· A great place to browse lots of links is within the Wyoming-Saratov Study Abroad Program website. Scroll down for a list of bookstores and other cool stuff. Russian students can also buy books and videos through the web sites of major book suppliers, such as Kamkin, Eastview, Panorama of Russia, The Russian Life Store, kniga.com, and so on. Of course, the cheap way to buy books is just to go to Russia (see questions twelve above and twenty below). But, if you do go to Russia, don’t forget that the videos you buy will need to be converted to the US encoding system if you want to watch them on a normal American VCR and TV (and even DVDs are encoded for different regions of the world)! Some Russian radio stations are now available through web casts - if you search using the Real Audio player tuner or similar, you should be able to find something to listen to in Russian at ITuner or RealOneRadio -- try a key word like “Russia”). Russian TV is available in America from NTV International, the overseas branch of one of the big Russian networks. If you have “broadband” cable service you can usually subscribe to it, and Dish Network satellite systems offer a Russian subscription (but note that you need a different dish and receiver from the one used for English-language stations). Information at NTV World. This link should provide you with a good general guide to Russian TV and Radio available in the United States: Russian Seattle. Russian Radio and TV on the Internet. You can buy a weekly Russian TV guide at most of the Russian shops in Metro Detroit (see the answer to question 17). Coe Library subscribes to a number of Russian-language newspapers and journals. And many, many newspapers have good web sites, as do non-print media organizations. Check the Links page at the Wyoming-Saratov Study Abroad Program. Most student-oriented web sites will also have some links to newspapers and other media – try the Bucknell site, the RC Intensive Program site, or the very extensive Pitt REESWeb site.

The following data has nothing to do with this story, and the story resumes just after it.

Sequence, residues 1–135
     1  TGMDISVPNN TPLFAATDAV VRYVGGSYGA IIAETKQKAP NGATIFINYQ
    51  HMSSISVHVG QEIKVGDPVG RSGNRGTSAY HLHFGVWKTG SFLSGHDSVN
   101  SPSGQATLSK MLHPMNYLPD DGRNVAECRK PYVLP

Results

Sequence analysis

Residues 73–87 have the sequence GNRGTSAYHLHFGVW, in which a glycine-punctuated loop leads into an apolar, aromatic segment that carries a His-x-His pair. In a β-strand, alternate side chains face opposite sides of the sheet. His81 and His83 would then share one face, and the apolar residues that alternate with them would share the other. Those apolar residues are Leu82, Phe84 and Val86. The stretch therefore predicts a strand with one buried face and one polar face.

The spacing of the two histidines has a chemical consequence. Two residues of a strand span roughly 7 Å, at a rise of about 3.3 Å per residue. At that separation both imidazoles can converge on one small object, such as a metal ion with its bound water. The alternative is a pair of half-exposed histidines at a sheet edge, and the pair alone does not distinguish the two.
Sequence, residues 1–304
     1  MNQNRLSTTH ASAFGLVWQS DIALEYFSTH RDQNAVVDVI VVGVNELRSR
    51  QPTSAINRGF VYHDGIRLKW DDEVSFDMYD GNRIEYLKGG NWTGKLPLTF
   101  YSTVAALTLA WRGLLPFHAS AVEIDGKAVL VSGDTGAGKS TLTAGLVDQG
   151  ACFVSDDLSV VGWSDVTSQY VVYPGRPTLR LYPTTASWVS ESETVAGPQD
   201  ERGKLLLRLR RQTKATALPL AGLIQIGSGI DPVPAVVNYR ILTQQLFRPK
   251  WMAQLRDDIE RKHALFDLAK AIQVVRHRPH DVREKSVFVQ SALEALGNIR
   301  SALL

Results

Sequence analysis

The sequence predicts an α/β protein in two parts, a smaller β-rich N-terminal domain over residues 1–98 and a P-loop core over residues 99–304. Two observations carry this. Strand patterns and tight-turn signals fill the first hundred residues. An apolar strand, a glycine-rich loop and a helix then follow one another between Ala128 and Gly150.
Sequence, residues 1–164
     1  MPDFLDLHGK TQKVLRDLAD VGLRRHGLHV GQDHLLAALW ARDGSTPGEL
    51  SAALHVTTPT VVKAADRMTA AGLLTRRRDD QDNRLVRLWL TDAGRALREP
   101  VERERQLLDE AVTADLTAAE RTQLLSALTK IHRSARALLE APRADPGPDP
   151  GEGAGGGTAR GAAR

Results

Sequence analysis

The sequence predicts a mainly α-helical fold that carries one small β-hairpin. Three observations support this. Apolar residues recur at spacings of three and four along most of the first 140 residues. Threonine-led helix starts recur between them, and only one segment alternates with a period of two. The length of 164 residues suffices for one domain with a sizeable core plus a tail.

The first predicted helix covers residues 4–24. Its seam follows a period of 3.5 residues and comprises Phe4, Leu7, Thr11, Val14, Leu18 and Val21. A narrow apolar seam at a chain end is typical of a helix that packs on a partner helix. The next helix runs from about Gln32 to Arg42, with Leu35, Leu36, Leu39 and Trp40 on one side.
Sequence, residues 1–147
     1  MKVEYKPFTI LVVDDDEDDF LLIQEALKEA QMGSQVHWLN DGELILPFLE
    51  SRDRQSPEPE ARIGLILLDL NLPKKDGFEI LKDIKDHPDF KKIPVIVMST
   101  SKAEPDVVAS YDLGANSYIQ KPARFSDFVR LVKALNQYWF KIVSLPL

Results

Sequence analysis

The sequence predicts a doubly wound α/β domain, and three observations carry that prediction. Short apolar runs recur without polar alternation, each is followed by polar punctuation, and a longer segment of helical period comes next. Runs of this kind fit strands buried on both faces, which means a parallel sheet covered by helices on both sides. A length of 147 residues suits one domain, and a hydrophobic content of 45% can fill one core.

· Travel to and within Russia is much easier and more practical than it used to be, although it certainly demands more of you than travel within the United States or in Western Europe (yet another good reason to work on that Russian…). Although you still require a visa, it is now much easier to get one. You can apply directly to the Russian embassy, but you might want to pay extra and go to a visa service, such as that provided by RussiaGateway or Russia House – you pay for the service, as well as for the visa itself (and possibly for an official letter of invitation), but then the whole business is usually relatively painless, and you should get your visa in good time.
· Several major airlines fly from Denver to Moscow (you can even fly from Laramie to Moscow!), and flying from the US to other big cities in Russia is pretty easy. If you like to travel, you won’t need any advice here on how to find the cheapest fares – the web is full of useful sites – and fares to Russia can be very low, especially outside of the peak-travel summer months.